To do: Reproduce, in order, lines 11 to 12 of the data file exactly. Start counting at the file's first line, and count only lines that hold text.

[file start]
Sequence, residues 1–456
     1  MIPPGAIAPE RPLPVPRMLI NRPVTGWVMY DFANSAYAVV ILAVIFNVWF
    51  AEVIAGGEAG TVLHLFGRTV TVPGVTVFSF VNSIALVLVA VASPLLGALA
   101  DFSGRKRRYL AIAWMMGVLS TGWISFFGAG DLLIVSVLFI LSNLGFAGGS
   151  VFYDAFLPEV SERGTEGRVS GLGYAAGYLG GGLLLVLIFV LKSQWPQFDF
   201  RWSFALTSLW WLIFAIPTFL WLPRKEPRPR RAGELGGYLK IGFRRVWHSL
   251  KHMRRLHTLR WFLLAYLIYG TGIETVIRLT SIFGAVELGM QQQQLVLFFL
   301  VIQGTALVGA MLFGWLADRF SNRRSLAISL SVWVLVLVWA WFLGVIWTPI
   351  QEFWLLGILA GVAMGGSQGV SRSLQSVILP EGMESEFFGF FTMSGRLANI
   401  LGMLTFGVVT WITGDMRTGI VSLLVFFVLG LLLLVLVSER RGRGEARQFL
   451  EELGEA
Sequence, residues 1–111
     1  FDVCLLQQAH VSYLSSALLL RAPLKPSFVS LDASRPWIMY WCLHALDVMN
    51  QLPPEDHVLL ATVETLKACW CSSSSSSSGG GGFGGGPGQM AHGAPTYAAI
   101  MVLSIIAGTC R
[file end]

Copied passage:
   451  EELGEA
Sequence, residues 1–111